Most of the sculpture was concentrated around the entrances, above and around the doorways (tympanum, archivolts and side jambs), and the capitals atop pillars.
The capitals, inside and outside, especially in the cloisters of monasteries, are wonderful places to spot small-scale gems of medieval life and imagination: knights on horseback or jousting, peasants at work, fabulous animals and birds, monsters and beasts; but biblical scenes also abound, all telling a familiar story whose lesson would not be lost on the faithful.
Nevertheless, it is the larger porticos that are the glory of Romanesque sculpture. In the cathedrals and larger churches or monasteries, the sculpture can be spectacular, from the intricate and delicate plant decoration of the archivolts over the polylobed south door of Santa María Magdalena (Zamora) to the breathtaking entrances to the former Benedictine Monastery of Santa María (Ripoll, Catalonia) and to the cathedral of Santiago de Compostela.
The 12th-century Western portico to the Catalan monastery of Ripoll –a vast tableau of Biblical figures in six horizontal layers surrounding the richly ornamented doorway– is now protected by a glassed-in porch, but nevertheless shows the ravages of weather. Fortunately, it survived the torching of the rest of the building, set aflame by fanatical liberals in the 19th century.
The whole tableau has been interpreted too in political terms: a grandiose illustration of Christian victory at a time when the Reconquista had gathered considerable momentum, and important Catalan cities had recently returned to Christian hands: e.g. Lérida (Lleida) and Tortosa in 1148.
It carries an air of self-confidence befitting a people on the march, specifically the Catalans. At the time, Ripoll was the cultural heart of Catalonia, and its library one of the best in Christian Europe, and a centre through which Arabic learning filtered to the north.
Impressive as it is, the portico to Santa María in Ripoll is outclassed at the western extreme of the peninsula by the remarkable and aptly named Pórtico de la Gloria, the western doorway to the Cathedral of Santiago de Compostela.
The proximity of the façade does, however, impede viewers from standing back and enjoying a wide angle view of the three arches that make up the portico. That is what weary medieval pilgrims would have seen first upon arrival at the church, a fitting climax to their long and arduous journey.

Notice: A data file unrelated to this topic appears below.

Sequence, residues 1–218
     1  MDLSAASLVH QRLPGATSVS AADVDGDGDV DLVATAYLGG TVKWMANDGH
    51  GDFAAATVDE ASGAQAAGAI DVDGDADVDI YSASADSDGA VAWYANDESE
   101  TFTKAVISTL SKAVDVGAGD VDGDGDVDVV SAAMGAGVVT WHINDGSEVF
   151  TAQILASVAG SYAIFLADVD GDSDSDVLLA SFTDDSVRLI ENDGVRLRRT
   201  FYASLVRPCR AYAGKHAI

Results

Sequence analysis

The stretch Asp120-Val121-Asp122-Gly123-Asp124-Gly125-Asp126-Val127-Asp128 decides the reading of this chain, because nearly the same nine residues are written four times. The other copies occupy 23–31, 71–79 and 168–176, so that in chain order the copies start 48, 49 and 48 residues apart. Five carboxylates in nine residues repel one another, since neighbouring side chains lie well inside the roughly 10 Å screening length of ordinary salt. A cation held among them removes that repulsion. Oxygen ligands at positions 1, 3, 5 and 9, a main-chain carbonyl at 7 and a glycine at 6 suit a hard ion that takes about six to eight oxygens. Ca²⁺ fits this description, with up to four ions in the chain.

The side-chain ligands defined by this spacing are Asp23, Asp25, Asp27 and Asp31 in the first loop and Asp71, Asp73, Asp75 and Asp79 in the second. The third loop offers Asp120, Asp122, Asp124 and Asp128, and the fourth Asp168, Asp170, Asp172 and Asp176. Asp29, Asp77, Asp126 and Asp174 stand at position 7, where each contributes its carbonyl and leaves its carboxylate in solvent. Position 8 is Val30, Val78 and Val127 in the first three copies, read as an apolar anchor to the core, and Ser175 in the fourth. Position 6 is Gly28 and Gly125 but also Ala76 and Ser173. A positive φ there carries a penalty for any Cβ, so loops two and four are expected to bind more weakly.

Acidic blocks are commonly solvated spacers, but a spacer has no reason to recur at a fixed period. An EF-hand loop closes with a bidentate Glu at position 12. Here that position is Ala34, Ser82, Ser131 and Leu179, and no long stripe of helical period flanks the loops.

They would have looked upwards in awe at the unobstructed view of a dazzling array of figures, furthermore painted in rich colours (much of Romanesque sculpture was in fact polychrome, but here as elsewhere the colours have worn away), and they would undoubtedly have marvelled at the centre dominated by a massive, almost ten foot high, throned figure of Christ in Glory, and immediately beneath, seated on the single central column depicting the tree of Jesse, the figure of St James (Santiago, holding a pilgrim’s staff), whose bones they had come to venerate. Santiago, greeting them as they made their way into the church, mediating between them and their Saviour!
If modern pilgrims cannot enjoy the same panorama, they can at least follow those Medieval and later pilgrims, including saints and popes, in placing their hands in the indentation below the feet of Saint James as a sign of gratitude for their safe arrival. And from there they can move to the other side of the same pillar and bend and touch heads with the kneeling figure of a man popularly believed to represent Master Mateo himself. Known locally as the saint of the bumps, the statue is traditionally believed to bestow some of the Master’s talent and wisdom on those who touch it with their heads!
Again, the stone carvings are not merely decorative. They are meant to inspire devotion and they are meant to convey a message.